Friday Afternoon, Home at Last!

Self has had quite an eventful day, dear blog readers.

First, the breakfast meeting she was supposed to have last Wednesday with Alka the film-maker got postponed to this morning, so at 8:45 AM, self hurried out of the house, giving hubby a brief wave (He was in his car, warming up his engine, but was too busy looking at his odometer or something to notice self hurtling by in her pink tweed coat), and met Alka at Chocolate Mousse. Self was 20 minutes late. Alka had already finished her coffee and her croissant and was sitting wanly (Self glanced in the window before making her presence known), reading Zadie Smith’s White Teeth. So, without further ado, self launched into her “pitch,” (which was really just a wild idea that had occurred to self, a few weeks ago) about why her story “Silence” would just make such a perfect vehicle for Alka to adapt to film. And in the course of very hurried conversation, self learned this:

    Alka is preparing a film to be shown at Rotterdam Film Festival.
    Alka has a producer friend in India who is ready to finance any of her film projects.

Super, Alka! self couldn’t help blurting out. One day I’ll be watching the Oscars at home and I’ll see you walking down the red carpet and I’ll say, There’s my friend Alka, I knew her when — !!

Self hurriedly downed her Danish and rushed to her next appointment, which was to attend the 7th Annual Shorenstein Journalism Award Panel Discussion at Stanford, which niece had promised to attend as well. Okey dokey, first of all self was rather surprised to see huge red banner floating across the entrance to Palm Drive, and the banner said:


After driving down a mile or so, self saw signs announcing that this was Parents’ Weekend. Uh-oh. Place was absolutely crawling with cars and parents. Drat! She had to circle and circle just to find parking. But eventually, she did find something in a little alley just between Littlefield and Mem Aud. And then self hot-footed it to Encina Hall.

There, she found vast lunch buffet arrayed just outside the conference room, and looking around she saw no sign of niece. Instead, there was her old History professor Peter Duus (and, true to form, he didn’t look a day older. Truly, possessing tenure at Stanford must be akin to possessing secret to the fountain of youth). He looked right at her (since self and he were face to face across a tray of pad thai) but did not recognize her, to self’s utter chagrin (Had she really aged so much?). Next, she turned and saw another professor she knew, Prof. Al Dien. But this time, she was recognized, and Prof. Dien bent down and asked, “How many books do you have now?” Which was — so — so — sweet! Self couldn’t get past it!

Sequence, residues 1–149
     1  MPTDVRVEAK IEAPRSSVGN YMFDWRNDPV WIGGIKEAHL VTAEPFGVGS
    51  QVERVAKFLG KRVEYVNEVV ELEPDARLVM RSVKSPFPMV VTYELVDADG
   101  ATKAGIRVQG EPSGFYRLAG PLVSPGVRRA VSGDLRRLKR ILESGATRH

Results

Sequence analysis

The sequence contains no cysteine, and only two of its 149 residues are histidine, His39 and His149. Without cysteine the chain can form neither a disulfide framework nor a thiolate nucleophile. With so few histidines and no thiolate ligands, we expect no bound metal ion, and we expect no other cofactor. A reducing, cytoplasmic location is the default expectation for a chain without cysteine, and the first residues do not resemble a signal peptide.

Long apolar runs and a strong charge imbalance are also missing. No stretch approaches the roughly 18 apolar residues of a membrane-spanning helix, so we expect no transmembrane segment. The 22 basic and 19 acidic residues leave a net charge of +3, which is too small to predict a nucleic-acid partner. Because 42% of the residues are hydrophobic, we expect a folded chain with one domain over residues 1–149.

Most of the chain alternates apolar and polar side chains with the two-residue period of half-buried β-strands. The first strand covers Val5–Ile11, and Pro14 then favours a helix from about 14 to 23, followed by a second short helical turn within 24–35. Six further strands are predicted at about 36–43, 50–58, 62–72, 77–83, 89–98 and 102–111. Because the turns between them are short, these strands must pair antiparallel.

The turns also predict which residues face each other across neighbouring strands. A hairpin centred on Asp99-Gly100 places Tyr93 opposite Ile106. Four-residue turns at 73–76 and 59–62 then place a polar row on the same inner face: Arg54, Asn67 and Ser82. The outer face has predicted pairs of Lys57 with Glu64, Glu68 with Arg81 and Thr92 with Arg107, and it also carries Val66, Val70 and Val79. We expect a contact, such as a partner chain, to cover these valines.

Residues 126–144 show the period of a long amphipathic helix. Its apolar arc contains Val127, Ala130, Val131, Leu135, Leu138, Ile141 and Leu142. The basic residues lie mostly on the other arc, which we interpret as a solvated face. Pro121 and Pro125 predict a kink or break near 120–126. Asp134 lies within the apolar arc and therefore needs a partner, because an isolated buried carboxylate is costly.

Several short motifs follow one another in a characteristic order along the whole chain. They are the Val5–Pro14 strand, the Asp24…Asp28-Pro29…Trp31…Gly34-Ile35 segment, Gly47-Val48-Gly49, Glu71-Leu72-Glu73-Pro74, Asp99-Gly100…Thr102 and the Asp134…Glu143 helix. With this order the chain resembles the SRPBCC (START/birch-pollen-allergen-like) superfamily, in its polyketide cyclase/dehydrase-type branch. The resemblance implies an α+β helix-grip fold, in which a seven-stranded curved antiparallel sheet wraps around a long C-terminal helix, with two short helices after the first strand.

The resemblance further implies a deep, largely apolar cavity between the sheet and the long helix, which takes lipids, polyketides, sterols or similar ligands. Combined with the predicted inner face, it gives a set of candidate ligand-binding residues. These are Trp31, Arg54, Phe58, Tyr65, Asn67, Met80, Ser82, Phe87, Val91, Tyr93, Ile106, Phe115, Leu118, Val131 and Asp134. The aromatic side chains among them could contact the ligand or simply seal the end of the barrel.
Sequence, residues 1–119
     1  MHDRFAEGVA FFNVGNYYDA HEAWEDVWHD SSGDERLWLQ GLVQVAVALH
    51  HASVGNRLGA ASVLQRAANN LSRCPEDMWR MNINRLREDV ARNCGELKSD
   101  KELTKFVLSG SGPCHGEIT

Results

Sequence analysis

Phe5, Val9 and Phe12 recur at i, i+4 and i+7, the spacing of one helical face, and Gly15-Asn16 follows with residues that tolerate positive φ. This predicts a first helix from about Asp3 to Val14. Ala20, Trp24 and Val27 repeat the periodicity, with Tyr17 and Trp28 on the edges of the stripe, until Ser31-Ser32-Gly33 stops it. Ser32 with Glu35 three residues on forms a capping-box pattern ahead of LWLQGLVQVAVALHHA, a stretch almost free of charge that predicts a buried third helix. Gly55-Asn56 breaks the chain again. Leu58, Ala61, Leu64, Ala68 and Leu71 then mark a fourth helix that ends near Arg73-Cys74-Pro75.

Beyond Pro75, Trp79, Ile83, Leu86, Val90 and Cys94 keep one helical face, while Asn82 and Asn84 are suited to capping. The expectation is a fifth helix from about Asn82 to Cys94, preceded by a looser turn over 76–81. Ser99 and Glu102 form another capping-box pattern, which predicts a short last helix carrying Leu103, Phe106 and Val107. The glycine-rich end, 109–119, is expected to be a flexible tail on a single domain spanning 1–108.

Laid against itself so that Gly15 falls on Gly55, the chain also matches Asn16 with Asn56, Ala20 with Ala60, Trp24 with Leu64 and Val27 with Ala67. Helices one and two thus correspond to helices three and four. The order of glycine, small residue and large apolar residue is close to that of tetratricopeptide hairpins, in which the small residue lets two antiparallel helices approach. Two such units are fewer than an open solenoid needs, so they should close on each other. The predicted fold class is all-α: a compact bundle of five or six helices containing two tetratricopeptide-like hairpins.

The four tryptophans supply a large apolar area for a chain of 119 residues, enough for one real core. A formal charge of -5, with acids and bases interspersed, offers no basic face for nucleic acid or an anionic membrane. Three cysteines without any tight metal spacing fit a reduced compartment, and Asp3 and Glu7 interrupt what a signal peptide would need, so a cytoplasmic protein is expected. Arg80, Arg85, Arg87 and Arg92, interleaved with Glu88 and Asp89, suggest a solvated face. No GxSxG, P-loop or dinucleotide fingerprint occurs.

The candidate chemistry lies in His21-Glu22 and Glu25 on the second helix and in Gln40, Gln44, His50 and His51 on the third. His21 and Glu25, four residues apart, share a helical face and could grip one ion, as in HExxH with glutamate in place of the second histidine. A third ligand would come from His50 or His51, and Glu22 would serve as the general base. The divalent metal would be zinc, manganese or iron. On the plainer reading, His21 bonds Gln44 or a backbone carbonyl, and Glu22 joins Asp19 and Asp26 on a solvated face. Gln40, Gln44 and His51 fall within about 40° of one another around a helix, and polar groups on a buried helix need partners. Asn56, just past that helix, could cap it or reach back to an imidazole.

“I’ll send you a copy of my latest, Prof. Dien,” she promised. “What have you been up to?”

“Last year,” he said, “I went to Mongolia on an archaeological dig. I lived in a yurt.”

Oh, fantastic! You see, self was right about Stanford professors having key to fountain of youth, for Prof. Dien (calculating quickly now) must be at least 80. But his cheeks are still ruddy and his eyes are still full of mischief.

Anyhoo, niece never showed, and self had to turn off her cell phone, and then she sat enthralled for two hours while Ian Buruma, Orville Schell (old China hand and former Dean of Journalism School at UC Berkeley) and Susan Chira (Head of Foreign Affairs Department, New York Times) discoursed on the increasing irrelevance of the foreign correspondent, in an age when blogs and the internet seemed to exercise such pre-emptive authority regarding the news. (Not always, self wanted to say, for she relies very much on The Economist. But perhaps the panelists wouldn’t have taken too kindly to that remark, so she kept her mouth shut)

Self thought Susan Chira was wonderful because she kept saying how exciting it was to work in her field, but her voice remained absolutely flat, and her face betrayed no emotion whatsoever. If that’s a trick, it’s a very clever one. Self must practice that one at home.

Ian Buruma had an accent. Vaguely British. But is now the Henry Luce something or other at Bard College. And he talked about being in Manila on the eve of the People Power movement, and about being asked by his bosses to fly to India to interview a famous film director. And he asked advice from a foreign correspondent who was considered an “old Manila hand,” and the correspondent pooh-poohed the whole People Power thing and said it was just a lot of dramatics: “You know the Filipino people,” said old hand, “10 months from now it’ll be the same-old, same-old.” (Naturally, dear Ian couldn’t have been aware that there was even one Filipino in the audience, as self looks vaguely Chinese and everyone else looked, well, Chinese, Japanese, or white).

So Ian upped and left for India, and the next day, to his utter chagrin, he woke up in his Indian hotel room to the news that Marcos had been overthrown and fled the country.

Ha ha ha ha ha!

That was a good one!

And now self has to watch the umpteenth replay of the Westminster Dog Show, because it is now getting close to the part where judge intones: “You are absolutely superb, a beautiful line-up. May I have (pause) THE BEAGLE!!!!!” And the announcer intones breathlessly, “THE BEAGLE!!!” And there is a standing ovation.

Stay tuned, dear blog readers, stay tuned.

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